HAARP is a military research program and a high powered radio transmitter in Alaska, trying to send radiation into the upper atmosphere; it has been described as a “magnet for conspiracy theorists”, blamed for all kinds of natural disasters, but also thought to be an attempt at mind control. The bombs part might have been about how people have thought about using explosions in the air to redirect weather patterns. The discussion of war might have included something about America’s use of white phosphorous and depleted uranium which are kind-of-sort-of chemical weapons (maybe). I don’t know what woodpeckers have to do with anything. [… some googling later, it turns out that Woodpecker was the Soviet equivalent of HAARP, another “psychotronic” device that shot mind control beams during the Cold War].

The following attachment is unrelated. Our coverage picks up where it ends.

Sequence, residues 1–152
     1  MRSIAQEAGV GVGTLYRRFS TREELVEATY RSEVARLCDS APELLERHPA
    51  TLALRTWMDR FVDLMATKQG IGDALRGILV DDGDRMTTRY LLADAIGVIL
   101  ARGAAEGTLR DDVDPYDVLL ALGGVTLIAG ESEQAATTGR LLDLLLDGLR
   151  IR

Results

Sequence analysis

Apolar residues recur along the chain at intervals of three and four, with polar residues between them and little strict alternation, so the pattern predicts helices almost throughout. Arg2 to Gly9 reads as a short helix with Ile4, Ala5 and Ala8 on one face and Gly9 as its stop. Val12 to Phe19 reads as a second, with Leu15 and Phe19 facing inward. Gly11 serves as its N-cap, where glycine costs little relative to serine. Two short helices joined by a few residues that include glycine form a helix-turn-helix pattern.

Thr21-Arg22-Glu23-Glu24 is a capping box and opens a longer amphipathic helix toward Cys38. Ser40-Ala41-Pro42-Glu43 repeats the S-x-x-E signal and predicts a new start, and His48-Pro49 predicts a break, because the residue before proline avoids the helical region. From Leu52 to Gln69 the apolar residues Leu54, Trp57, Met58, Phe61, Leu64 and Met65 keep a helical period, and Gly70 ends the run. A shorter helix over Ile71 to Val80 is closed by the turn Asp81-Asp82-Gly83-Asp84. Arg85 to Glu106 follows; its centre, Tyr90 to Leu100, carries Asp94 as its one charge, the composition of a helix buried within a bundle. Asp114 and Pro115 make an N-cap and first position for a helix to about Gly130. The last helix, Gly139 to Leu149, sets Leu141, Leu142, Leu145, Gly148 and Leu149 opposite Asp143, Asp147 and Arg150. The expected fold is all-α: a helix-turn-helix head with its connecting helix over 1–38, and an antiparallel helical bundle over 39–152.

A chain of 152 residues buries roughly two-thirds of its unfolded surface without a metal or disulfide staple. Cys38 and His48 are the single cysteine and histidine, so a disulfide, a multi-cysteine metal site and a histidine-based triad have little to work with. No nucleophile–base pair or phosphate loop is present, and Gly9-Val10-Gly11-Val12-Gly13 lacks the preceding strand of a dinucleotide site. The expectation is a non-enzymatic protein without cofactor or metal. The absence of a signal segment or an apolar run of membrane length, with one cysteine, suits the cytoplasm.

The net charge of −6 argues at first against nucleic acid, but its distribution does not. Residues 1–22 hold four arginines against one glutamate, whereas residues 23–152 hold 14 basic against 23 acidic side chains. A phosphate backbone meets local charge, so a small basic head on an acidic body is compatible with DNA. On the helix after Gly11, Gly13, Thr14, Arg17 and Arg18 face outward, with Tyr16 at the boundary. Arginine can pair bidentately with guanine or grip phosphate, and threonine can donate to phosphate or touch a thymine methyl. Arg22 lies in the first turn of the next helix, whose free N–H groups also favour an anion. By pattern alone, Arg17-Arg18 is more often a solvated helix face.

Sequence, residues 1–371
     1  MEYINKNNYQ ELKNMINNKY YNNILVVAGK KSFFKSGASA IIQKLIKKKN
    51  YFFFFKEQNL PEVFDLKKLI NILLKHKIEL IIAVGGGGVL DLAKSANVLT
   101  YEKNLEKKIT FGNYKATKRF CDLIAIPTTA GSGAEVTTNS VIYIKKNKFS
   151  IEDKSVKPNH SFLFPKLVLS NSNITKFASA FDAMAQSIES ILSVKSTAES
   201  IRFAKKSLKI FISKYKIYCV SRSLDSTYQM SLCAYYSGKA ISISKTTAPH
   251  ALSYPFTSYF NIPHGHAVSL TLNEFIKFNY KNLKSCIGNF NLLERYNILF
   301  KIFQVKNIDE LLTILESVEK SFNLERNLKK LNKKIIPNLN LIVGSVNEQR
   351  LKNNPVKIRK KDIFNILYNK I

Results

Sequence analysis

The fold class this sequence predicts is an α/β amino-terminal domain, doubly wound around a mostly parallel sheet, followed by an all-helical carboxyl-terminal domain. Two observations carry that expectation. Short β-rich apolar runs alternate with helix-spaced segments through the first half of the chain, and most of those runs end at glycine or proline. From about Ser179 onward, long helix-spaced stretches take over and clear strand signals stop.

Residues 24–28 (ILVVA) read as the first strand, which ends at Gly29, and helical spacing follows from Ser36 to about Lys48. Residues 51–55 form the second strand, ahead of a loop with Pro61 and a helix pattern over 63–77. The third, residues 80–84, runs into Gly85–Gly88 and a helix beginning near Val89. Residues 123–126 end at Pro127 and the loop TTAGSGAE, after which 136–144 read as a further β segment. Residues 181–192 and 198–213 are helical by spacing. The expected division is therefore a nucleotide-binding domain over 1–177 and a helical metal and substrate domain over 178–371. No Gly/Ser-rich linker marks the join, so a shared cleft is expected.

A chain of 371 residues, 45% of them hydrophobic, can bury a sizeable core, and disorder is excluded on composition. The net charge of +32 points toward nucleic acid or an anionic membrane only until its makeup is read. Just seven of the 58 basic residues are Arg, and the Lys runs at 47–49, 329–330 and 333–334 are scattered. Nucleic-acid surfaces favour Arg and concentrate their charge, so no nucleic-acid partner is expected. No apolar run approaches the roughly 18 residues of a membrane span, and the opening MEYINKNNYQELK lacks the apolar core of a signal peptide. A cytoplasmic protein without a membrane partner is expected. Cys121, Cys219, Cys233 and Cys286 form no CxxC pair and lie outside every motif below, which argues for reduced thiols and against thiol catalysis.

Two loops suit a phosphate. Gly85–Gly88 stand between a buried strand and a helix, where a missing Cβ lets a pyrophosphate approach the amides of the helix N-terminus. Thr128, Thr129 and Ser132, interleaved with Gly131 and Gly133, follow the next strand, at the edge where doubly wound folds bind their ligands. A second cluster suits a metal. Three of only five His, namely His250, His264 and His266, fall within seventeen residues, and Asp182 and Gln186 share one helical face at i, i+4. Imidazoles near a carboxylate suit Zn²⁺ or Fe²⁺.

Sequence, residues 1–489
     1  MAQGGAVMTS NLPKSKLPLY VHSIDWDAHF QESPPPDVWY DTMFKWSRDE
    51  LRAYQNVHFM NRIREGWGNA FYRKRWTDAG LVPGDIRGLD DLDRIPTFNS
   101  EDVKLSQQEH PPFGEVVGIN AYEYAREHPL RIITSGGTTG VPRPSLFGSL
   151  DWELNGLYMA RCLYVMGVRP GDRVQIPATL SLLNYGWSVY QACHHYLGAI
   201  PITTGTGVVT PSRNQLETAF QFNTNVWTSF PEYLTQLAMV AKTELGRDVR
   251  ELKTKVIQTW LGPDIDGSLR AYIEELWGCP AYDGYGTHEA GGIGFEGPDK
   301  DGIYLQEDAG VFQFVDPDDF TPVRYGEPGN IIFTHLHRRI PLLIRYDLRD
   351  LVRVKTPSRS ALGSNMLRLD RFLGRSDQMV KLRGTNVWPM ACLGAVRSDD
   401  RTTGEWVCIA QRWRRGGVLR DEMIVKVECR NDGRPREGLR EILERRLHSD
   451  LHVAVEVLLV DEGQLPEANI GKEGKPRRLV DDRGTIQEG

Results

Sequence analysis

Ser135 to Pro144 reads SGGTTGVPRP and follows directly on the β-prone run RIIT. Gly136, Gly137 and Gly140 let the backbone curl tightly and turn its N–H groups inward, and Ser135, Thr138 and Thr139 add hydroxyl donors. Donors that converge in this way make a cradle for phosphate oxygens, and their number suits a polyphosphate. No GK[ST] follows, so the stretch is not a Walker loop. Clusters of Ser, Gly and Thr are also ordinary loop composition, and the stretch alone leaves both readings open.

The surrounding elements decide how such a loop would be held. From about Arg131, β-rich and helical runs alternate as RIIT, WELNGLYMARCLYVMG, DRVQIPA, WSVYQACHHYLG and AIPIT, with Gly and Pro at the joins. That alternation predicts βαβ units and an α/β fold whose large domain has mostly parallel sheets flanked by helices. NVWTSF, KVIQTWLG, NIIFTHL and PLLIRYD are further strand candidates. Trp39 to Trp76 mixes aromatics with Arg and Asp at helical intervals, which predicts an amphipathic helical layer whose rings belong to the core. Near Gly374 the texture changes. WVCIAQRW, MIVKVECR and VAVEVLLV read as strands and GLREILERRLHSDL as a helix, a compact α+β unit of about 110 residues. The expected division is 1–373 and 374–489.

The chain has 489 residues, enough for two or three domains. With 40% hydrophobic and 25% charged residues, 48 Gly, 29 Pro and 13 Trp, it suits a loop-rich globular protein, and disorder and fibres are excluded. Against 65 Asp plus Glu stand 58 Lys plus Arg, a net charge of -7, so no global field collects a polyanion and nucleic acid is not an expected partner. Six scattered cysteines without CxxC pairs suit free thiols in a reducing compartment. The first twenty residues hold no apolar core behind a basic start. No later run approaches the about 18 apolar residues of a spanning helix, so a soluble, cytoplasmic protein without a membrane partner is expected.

I think it’s unfair to criticize someone else’s talk when they wouldn’t have a chance to defend themselves online (which is why I don’t include the speaker’s name), but I mention it because I’m fascinated by the social science/social psychology of weather modification and how people form their opinions about it. Also a few students asked for my reaction to what they thought was a strange talk in an otherwise normal set of presentations.
I’ll table the topic because weather modification is complicated and interesting enough to deserve its own post. But one student did ask “is weather modification research really banned in the US?” I’m almost 100% positive that the answer is no. There are many active cloud seeding programs across the Western US (at least) and there was a strong weather modification research program in Wyoming.
I present about operational hydrology and its parallels with dust forecasting